10 Best Practices for Start-Ups when Starting Out

PBO Advisory Group recently had the pleasure of presenting a webinar with our client LogicBoost Labs, which provides support and guidance for start-ups.

Here are some of our favorite pieces of advice about best practices, based upon our presenters* years of experience working with start-ups.


  • Nicole Devine, Consulting Chief People Officer – PBO Advisory Group
  • Josh Frankel, VP of Marketing – LogicBoost Labs
  • Michael Millstein, VP of Sales – LogicBoost Lab

Know when you are really ready to get going and are in start-up mode. To get started and to attract investors, you must have an MVP – Minimum Viable Product. You are not a start-up business if you only have ideas and don’t have something to sell that the market needs. You also need revenue as it is the strongest validation of market traction and product market fit. No revenue = no company.

Become a C Corp. By using this formation, you may qualify for a Qualified Small Business Stock (QSBS) tax credit that may allow a founder to take up to $10 million tax free dollars upon an exit.

Be careful how you give equity. You need to be strategic and not dole it out carelessly. You may find yourself without enough equity left to attract big investors.

Trust your data. Good data is necessary. You must understand where your revenue is coming from to make credible projections. Data makes a big difference in understanding your buyer, so you aren’t just making assumptions. Trust the data as a foundation for making the right business decisions.

Set your core values and then let them guide you. What was your intent, purpose and mission when you started this venture? These should be the drivers of your values. Use these values as your north star to guide you. Be ambitious but be realistic, be aspirational but actionable. Core values will not only help you in making the right business choices, values will also help you hire, retain and reward the right people. And they will help you establish and grow your culture.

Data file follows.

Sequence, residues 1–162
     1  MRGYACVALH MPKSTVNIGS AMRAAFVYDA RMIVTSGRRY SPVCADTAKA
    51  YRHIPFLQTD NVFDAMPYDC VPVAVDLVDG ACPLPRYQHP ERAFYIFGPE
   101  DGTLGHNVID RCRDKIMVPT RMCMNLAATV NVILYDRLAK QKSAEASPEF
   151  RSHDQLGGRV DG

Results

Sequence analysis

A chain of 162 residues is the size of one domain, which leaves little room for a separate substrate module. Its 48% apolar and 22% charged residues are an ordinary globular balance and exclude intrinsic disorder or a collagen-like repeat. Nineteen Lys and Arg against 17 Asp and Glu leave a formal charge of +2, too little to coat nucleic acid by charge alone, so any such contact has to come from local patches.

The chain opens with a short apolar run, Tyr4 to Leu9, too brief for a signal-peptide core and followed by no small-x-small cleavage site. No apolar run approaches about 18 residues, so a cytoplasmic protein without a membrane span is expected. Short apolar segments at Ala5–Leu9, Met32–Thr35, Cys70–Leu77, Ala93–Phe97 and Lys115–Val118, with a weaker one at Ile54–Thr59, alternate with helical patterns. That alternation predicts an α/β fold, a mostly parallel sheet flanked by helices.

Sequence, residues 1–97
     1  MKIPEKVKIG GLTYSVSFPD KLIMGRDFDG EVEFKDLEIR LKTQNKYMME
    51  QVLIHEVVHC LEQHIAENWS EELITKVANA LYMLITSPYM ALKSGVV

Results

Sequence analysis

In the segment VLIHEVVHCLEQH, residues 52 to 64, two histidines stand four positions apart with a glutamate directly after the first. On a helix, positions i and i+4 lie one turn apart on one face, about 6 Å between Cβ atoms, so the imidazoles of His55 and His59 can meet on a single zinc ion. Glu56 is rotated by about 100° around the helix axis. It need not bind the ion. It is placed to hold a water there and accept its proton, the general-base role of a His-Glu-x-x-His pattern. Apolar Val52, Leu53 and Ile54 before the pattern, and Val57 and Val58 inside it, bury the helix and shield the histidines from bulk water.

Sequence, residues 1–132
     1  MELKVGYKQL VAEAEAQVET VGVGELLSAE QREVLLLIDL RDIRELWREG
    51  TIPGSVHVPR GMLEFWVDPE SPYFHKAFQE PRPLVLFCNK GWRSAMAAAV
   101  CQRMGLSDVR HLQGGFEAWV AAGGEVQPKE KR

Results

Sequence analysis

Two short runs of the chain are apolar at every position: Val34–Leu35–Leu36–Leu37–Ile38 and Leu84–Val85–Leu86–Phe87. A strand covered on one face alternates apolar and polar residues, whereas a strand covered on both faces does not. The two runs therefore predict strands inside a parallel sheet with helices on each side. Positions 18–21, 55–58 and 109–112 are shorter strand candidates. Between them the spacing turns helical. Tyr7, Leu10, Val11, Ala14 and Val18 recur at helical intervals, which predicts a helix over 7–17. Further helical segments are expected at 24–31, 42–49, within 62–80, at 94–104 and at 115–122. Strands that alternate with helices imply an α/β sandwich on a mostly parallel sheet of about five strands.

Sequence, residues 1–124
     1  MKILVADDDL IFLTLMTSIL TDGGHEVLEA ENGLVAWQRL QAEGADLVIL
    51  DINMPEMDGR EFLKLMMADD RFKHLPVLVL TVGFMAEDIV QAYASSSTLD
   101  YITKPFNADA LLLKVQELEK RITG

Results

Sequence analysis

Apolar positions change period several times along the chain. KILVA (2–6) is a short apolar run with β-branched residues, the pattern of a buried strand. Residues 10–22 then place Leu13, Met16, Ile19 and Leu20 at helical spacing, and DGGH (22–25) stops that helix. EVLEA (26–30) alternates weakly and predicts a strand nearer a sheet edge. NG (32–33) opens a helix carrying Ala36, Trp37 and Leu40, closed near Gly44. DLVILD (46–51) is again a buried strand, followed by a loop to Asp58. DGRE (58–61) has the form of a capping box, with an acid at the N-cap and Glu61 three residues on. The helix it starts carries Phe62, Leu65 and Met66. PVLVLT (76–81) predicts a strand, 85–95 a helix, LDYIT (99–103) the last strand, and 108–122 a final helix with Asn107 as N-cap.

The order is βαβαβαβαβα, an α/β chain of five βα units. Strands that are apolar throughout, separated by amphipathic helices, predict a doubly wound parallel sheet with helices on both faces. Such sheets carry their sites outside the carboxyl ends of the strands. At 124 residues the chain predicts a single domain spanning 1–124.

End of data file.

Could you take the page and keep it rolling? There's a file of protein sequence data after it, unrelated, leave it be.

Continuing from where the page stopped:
Don’t gift titles. Early on, many start-ups give big titles to employees. As time goes on, the needs of the company grow and the titles may no longer fit the employee’s skills. This can inflate salaries. It also isn’t fair to the employee to give them a title that exceeds their skills. Once you have given a title, it’s hard to take away.

Don’t fill all positions with employees. Fill high-level positions by hiring experienced fractional employees. They can help you build strategy and move your company forward. A part-time CFO or CMO still gives you access to subject matter experts without hiring an employee that you can’t afford and/or don’t completely need.

Lack of focus is where founders most likely stumble. Don’t get distracted by chasing new things and different options. Set a course and lead your company by following it. Evaluate any pivots carefully.

What commonalities do you see among successful start-ups? They fail fast and then pivot. They listen to the market and aren’t afraid to make changes to their product. Leadership that has the foresight to inspire others and makes decisions that are in the best interest of the company. Founders who know that they aren’t necessarily the best person to move the company forward.

What commonalities do you see among bad start-ups? Founders who are afraid to fail and won’t move fast enough to succeed.

To learn more, listen to the complete webinar.















Is LogicBoost Labs a good fit for your start up? Visit their website or read PBO Advisory Group’s blog post about the organization to learn more.

For more information about how PBO Advisory Group can help you, please contact Francesca San Diego or Nicole Devine.

Francesca San Diego
Consulting CFO & Member
(858) 935-48476


Nicole Devine
Consulting Chief People Officer
858-622-1681 Ext. 287